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Papp: House Coast Guard reauthorization bill would put NSC program at risk

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A House-approved 3-year Coast Guard authorization bill could jeopardize the acquisition of National Security Cutters, Coast Guard Adm. Robert Papp told a Dec. 1 House panel.

A provision in the bill (H.R. 2838) would prevent the service from starting production on a sixth NSC until it has acquired a sufficient number of Long Range Interceptor II and Cutter Boat Over the Horizon IV small boats for the first three NSCs and until the first two NSCs have been away from homeport 225 days each.

The House bill "risks disrupting the production schedule, raising cost and jeopardizing the entire national security project," Papp said while testifying before the House Transportation and Infrastructure subcommittee on Coast Guard and maritime transportation.

Right now the Coast Guard lacks the multiple crews to put two NSCs at sea for 225 days, Papp added, noting that the Coast Guard has accepted only 3 NSCs.

"When you have the full build-out and you have the additional crews to be able to do the crew rotation and swap you can get to those extra days," he said.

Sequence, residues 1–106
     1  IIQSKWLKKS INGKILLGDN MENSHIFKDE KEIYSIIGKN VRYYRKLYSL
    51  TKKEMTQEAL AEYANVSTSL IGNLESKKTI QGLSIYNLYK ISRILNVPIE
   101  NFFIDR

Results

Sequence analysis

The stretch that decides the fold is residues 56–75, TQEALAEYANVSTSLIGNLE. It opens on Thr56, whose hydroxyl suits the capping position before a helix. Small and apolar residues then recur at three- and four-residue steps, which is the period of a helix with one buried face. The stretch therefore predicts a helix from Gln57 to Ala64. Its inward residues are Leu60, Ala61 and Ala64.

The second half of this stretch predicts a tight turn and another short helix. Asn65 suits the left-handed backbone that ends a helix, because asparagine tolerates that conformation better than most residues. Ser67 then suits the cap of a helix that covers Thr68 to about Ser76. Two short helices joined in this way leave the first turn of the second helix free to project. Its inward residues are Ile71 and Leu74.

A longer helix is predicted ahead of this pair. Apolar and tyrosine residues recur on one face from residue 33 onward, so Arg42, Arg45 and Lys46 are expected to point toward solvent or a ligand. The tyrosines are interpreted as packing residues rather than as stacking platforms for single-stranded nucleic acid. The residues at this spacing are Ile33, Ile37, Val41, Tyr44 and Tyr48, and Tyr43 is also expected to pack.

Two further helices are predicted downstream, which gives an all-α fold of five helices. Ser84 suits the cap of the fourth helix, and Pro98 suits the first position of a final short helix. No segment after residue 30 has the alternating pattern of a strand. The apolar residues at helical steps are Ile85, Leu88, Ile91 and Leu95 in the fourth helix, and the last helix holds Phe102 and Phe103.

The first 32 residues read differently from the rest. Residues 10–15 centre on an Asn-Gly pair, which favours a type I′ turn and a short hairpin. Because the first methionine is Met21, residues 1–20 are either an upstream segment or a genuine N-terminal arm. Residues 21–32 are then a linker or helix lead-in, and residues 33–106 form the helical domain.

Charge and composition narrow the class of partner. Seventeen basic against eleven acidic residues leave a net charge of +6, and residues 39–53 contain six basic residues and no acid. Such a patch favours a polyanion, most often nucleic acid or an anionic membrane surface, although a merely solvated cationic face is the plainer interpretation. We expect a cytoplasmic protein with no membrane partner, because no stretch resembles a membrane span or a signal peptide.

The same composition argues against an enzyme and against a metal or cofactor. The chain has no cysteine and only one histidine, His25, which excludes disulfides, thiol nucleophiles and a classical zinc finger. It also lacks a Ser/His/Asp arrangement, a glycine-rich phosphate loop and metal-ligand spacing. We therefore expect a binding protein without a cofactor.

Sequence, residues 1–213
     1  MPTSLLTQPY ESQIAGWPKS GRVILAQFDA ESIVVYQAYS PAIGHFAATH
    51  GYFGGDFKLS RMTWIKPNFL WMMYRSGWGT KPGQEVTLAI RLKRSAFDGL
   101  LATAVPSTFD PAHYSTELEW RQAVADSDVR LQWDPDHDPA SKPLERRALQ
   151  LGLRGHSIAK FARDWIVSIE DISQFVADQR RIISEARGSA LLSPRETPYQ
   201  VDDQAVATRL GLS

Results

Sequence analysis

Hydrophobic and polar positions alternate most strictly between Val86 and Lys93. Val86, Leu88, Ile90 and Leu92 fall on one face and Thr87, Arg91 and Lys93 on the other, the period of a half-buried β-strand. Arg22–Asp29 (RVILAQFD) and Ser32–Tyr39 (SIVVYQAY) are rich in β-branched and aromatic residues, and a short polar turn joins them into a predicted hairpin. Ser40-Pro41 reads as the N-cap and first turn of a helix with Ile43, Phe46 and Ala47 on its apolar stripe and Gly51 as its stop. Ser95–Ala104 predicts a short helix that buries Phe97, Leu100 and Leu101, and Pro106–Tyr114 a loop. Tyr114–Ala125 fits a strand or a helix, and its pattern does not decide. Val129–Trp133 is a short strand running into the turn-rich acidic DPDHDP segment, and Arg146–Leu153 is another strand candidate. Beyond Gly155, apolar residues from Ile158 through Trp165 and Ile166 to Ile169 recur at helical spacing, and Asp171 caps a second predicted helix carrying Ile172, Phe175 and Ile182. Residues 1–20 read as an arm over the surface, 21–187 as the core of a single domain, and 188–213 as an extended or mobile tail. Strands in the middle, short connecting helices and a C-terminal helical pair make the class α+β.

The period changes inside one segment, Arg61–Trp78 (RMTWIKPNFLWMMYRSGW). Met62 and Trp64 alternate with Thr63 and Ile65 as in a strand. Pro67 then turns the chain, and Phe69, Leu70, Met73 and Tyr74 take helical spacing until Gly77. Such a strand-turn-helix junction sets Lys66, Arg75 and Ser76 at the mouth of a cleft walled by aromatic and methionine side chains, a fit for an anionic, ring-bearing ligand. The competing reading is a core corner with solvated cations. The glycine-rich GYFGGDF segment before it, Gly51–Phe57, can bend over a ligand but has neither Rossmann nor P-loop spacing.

The NSCs are more important to the Coast Guard's ability to carry out missions in Alaska than an additional icebreaker, Papp said, Coast Guard icebreaking capacity being the main subject of the hearing.

The service currently possesses two heavy icebreakers but one, the Polar Sea, is slated for decommissioning due to engine trouble and the other, the Polar Star, is undergoing refurbishment with an expected return to service in fiscal 2013.

The House authorization bill would mandate that the Polar Star go out of service in fiscal 2015, a provision that Papp also spoke out against.

Asked about the possibility of leasing a new heavy icebreaker, Papp said he is "ambivalent" about the idea, since it's likely such an icebreaker would have to be built from scratch. Coast Guard analysis has found that leasing becomes more expensive than owning after about 20 to 25 years and the service typically keeps ships in service for 30 to 40 or more years, Papp said.

Legal considerations, however, would not prevent the service from leasing, he added. So long as a leased ship is commanded by a Coast Guard commissioned officer, it would be able to go into a war zone as a U.S. asset.

"I mean, I don't foresee a scenario right now where we're going to be warfighting in the Arctic but who knows what, yet, it's an uncertain future," he said.

For more:
- go to the hearing webpage (prepared testimonies and webcast available)

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